Posts tagged perestroika

“Why We Teach Overseas” series

What’s all this flap about a Russian spy ring caught in the U.S.?  I know some Kazakh teachers/administrators thought I was a “spy” when I was teaching in Almaty, perhaps some of my American friends think I am too.  I can attest that Cold War sentiments may die hard or take a long time to go away. I’ve witnessed or heard of some things up close and personal that makes one wonder how long this Cold War will go on. Okay, I admit it, I’m a “neo-con” as opposed to a “revisionist” for those of you historians out there who read this blog. But you knew that already if you have consistently read my daily writing rants for the past few years.

The next several days I will try to explain why my husband and I live overseas in a country, such as “Kazakhstan,” that seems difficult to pronounce.  Kazakhstan IS a land of mystery and undeniably creates more questions than answers. But I have a few answers for my dear blog readers as to WHY we are in Astana, the capital of Kazakhstan. A much earlier film series directed by Frank Capra titled “Why We Fight” was about WWII and might help explain MY blog title above.  Sometimes living in a foreign venue while trying to teach in English feels like we are “fighting” for a just cause.

When I first arrived in the Almaty airport on May 1, 1993, I quickly learned what a challenge it would be to train 32 American Peace Corps volunteers (PCVs) to eventually be English teachers scattered throughout the huge country of Kazakhstan. At that time, I could only tell these young, impressionable PCVs to expect teaching to be “different” based solely on my two years teaching in China (1986-88). What did I know about Kazakhstan back in 1993 beyond reading Martha Brill Olcott’s classic titled “The Kazakhs” and various other exotic, travel articles?  Kazakhstan was a vast, unknown land back in those early days after the fall of the Soviet Union, (regrettably it still is unknown by many westerners.)

In 1993, we were the first Peace Corps group to enter Central Asia, an area that had been closed off for over 70 years to anything western except for the Russian and German influence that was still noticeably prevalent in those early days beyond perestroika. Ironically, our Peace Corps training site was the former Communist Party School for all of Kazakhstan.  Also, strangely enough this very same campus became a well-known western university in Almaty with a current student population of over 4,000 graduate and undergraduate students. Little did I know then that I would return to this same campus 15 years later in 2007, with my husband, to teach academic English courses in the Language Center.

After two years of teaching, I am now living and working in Astana, the ten year old capital of Kazakhstan, which had formerly been in Almaty.  Bottom-line, my years spent in Central Asia, I have learned to be flexible. The Kazakhs have necessarily made major changes economically from a planned economy, according to the dictates of Moscow, to that of a market economy ready to compete against the top players in the rest of the world. Kazakhstan has a real chance to succeed with their rich oil and mineral resources and do just that with the inauguration of the New University in Astana.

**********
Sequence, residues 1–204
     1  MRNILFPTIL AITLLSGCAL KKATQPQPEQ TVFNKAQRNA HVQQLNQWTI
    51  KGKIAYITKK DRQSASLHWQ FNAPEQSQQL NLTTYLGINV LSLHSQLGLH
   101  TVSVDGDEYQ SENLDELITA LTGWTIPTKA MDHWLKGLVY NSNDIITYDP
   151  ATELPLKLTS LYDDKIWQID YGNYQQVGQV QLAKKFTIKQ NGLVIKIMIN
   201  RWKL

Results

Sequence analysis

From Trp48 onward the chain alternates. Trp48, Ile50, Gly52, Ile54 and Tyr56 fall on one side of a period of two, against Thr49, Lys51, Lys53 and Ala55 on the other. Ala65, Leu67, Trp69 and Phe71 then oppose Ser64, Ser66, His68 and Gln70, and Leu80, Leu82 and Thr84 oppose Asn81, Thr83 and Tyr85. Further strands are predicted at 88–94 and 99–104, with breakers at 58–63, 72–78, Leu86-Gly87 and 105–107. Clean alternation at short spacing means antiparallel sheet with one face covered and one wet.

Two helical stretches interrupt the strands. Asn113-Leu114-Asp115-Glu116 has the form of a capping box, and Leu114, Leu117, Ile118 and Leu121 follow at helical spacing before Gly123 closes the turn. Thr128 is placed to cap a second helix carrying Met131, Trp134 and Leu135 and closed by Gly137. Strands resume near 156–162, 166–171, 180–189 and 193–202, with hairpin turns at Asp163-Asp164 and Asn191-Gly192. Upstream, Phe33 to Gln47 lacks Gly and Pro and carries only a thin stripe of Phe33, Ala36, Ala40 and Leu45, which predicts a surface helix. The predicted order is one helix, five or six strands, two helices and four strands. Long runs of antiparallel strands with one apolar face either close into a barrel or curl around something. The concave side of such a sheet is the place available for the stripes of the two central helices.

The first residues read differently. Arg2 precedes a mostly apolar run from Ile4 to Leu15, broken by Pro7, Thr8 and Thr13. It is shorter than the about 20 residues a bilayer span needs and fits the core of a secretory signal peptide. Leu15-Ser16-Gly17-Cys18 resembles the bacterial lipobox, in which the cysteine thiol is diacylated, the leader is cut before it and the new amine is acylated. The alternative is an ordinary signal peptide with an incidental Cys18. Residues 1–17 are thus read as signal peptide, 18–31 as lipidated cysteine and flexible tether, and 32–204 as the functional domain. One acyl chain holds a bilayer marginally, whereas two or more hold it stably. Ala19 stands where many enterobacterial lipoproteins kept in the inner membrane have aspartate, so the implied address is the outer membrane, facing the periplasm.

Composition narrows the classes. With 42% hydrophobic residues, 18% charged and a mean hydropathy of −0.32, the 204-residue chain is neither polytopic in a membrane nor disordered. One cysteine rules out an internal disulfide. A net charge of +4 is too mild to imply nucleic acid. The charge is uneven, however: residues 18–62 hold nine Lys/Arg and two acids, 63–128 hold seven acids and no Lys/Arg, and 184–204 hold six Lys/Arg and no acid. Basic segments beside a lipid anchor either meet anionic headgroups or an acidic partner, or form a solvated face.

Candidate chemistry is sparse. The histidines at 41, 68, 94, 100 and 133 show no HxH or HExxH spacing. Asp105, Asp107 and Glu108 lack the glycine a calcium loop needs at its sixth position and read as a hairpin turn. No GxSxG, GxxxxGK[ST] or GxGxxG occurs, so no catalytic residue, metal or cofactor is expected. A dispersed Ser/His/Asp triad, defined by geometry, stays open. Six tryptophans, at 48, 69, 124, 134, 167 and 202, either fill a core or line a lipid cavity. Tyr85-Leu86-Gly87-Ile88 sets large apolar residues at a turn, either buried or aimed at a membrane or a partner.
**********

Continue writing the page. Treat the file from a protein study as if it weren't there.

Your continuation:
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Maiya’s paper: Soviet Living Conditions

The echo of the past:

Destruction of Soviet memories.

I.  Introduction

Soviet Union. This country doesn’t exist anymore, and even though our generation was born while it still was one nation, we don’t know how it was like to live there. Only through the books, movies and the stories of our relatives we can draw a picture of those days. And, of course, now, when we finally do have freedom of speech, people started to find out all the bad sides of Soviet leaders, all the evil things they did and now try to wipe out everything that was left from those times. But I believe that despite all the bad moments we know in Soviet history, we should not try to erase it and not to destroy the monuments that remind of it.

II.  Our history – Memories of WWII

          Today, our teachers at school tell us all the truth about the policies of Soviet leaders, about all the problems people had in USSR – famine, injustice, repressions, the Great Patriotic war, “perestroika”, etc. Sometimes when you hear all of that, it seems that it was impossible to survive in those kinds of living conditions. Despite all of that, the generation of our grand parents somehow managed not only to survive and overcome all those tribulations with pride, but also to bring through the memories that are full of joy, happiness, love and passion. When we had a personal interview with Lydia Timofeevna, who was only 2 years old when the World War II has started, what was very surprising for many of us was that she is reminiscing that some of the fascists were nice to them and gave her candies, if they met her on the forests while she was looking for her dad there (2008). I mean, after all the fascists did to our nation, to remember moments like that is very rare and significant. And there are plenty of examples like that! However, the younger generations now tries to amend all the history like it never happened – they rewrite books, change the facts, and destroy the monuments of Soviet era that as Forest and Johnson (2002) noticed were “among the most potent sites for the construction of a Soviet national identity”(p. 524).


III.           Possible causes – living conditions of our parents. 

Along with all the difficulties that our parents had in their childhood there were many problems they had to overcome when the Soviet Union collapsed. Changing from one system to another was definitely not an easy task. As Klugman and Braithwaite (1998­) noticed in their research paper, “for many that transition has been marked by a dramatic increase in the scale of poverty and deprivation.” (p. 37).  The period of 90s was a hard time for them – no job, economic problems within the country… And they had to raise and feed us – their children – in those conditions. Men usually worked on two jobs or even more, and women had to work even when their children were very small. It was even estimated that over the last two generations, women in Soviet Russia reached the highest labor force participation role in the world (Ofer and Vinokur, 1985). As one lady told her life story: